I’ve written periodically of my flirtation with dumping cable for an Internet-only approach to my TV watching. I haven’t, however, pulled the trigger–mostly because cable still has a lot of live programming, such as news and sports, that I can’t replicate over the Net alone.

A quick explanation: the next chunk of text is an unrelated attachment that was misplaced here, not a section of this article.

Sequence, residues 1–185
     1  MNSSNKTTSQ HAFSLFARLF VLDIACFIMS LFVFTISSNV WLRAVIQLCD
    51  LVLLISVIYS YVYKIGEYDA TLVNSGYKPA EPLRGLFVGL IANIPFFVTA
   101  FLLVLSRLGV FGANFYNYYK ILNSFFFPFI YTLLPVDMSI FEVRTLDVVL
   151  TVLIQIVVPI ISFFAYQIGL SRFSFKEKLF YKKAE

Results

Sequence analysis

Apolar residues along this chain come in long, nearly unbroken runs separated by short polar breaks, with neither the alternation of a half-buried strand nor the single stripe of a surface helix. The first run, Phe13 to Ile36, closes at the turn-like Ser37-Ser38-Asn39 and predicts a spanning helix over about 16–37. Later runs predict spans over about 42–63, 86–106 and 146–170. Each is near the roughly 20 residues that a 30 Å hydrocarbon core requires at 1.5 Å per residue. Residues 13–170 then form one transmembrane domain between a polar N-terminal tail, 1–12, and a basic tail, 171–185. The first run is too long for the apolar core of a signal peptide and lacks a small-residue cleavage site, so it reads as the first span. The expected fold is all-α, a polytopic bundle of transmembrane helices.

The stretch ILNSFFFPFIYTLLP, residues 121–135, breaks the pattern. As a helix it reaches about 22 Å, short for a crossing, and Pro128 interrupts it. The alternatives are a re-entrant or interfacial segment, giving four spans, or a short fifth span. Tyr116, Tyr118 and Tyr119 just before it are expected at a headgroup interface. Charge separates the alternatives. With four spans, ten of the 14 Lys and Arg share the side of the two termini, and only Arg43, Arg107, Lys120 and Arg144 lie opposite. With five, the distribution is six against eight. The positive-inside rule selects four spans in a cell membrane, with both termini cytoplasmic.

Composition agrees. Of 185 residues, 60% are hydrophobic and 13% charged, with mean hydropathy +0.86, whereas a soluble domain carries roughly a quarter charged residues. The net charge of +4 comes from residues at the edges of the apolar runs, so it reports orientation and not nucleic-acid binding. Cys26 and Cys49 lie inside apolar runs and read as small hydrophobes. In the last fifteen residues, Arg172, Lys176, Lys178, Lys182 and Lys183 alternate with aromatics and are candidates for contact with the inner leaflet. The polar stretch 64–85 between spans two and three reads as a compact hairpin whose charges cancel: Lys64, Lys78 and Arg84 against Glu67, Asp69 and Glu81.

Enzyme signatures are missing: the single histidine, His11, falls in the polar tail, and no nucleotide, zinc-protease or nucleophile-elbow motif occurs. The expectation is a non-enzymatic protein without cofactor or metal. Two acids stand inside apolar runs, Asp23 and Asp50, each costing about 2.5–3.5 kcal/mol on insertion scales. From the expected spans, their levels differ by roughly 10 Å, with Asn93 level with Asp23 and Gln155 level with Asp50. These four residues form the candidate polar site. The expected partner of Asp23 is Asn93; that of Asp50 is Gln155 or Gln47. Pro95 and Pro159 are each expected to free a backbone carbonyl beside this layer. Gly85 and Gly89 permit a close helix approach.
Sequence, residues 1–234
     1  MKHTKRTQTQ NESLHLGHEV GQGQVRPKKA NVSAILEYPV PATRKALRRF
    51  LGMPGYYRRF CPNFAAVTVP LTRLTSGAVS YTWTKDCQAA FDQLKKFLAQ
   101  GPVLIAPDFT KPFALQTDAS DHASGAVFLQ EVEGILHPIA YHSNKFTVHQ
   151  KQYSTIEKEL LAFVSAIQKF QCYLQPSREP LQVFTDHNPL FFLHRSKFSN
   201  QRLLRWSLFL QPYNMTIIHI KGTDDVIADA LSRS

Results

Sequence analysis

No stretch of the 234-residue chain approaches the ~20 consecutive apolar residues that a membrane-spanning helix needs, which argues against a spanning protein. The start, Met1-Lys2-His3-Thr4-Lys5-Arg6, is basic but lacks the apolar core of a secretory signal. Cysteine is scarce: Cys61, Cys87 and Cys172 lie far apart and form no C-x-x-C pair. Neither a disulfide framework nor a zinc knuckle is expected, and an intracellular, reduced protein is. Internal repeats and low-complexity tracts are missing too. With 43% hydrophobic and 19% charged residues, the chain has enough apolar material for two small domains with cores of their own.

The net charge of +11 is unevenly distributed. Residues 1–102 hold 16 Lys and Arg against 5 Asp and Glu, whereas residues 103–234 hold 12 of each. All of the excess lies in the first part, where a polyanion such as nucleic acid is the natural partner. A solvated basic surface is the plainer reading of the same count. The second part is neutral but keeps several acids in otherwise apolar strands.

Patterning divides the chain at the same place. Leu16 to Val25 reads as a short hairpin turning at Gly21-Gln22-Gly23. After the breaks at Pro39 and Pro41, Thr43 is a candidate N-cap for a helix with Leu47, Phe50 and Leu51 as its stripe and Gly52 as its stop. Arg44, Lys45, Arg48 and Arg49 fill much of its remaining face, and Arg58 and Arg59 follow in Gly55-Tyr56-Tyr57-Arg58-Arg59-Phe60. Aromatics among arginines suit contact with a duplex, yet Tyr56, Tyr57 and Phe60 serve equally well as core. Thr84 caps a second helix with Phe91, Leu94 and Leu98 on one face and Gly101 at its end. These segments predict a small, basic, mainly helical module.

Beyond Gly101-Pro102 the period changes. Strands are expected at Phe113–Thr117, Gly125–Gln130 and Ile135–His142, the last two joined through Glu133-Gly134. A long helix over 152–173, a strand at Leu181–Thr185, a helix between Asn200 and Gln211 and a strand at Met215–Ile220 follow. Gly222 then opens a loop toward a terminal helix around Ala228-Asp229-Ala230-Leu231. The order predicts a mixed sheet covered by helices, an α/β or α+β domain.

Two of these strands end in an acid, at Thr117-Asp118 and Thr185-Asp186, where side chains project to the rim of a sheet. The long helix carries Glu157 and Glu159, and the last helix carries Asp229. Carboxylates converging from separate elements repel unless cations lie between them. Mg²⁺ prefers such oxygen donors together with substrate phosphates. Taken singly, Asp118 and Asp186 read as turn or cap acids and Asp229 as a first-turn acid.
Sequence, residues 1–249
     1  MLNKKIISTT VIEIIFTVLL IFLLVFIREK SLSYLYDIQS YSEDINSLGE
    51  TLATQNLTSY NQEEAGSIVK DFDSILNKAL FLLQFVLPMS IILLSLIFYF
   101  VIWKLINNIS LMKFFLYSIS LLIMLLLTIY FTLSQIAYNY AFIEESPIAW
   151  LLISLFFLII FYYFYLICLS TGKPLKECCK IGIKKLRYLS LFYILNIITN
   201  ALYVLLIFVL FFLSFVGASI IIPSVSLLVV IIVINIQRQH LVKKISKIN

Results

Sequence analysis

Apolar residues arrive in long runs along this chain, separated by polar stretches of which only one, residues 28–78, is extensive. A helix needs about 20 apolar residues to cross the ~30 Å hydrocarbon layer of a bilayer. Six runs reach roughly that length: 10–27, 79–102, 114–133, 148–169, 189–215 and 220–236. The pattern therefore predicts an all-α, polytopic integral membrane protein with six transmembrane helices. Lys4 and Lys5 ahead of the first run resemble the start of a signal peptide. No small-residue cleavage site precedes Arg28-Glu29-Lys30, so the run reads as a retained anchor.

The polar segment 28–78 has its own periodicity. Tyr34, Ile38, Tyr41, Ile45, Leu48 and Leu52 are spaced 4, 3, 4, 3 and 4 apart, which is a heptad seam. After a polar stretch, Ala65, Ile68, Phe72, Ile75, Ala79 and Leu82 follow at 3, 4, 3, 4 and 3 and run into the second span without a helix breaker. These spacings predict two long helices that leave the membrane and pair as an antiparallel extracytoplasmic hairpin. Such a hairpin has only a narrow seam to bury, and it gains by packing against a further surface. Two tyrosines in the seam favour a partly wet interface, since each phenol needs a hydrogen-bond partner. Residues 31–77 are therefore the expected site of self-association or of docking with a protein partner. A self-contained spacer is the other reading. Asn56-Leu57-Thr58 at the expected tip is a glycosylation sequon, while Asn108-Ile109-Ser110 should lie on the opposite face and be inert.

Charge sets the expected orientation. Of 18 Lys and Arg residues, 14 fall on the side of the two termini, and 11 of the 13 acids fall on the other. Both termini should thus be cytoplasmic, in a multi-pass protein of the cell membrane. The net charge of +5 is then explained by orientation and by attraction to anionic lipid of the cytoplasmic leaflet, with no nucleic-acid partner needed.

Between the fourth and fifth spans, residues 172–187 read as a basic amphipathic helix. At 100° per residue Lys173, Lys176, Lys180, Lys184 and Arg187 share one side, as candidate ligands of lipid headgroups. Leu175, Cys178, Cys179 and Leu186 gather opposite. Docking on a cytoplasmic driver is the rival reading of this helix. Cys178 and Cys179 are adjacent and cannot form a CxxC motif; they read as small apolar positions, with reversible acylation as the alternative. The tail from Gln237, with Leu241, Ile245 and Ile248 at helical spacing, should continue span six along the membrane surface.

That’s why I’m intrigued by Sezmi, a TV service that’s announcing that it’s rolling out to its first real customers (in Los Angeles). The service aims to provide a more personalized, Net-savvy, inexpensive alternative to cable and satellite–complete with the real broadcast and cable channels you can’t get from Apple TV, Roku, or Vudu. It does so via a 1TB DVR/set-top box that provides access to three types of TV sources: broadcast stations, cable channels, and Internet content. (It snags the first two kinds over the air, via a powerful antenna in a box that looks like a loudspeaker: Sezmi simply grabs local broadcast channels as is, and the company is leasing spectrum from local broadcasters to transmit cable channels–including both standard-def and HD.)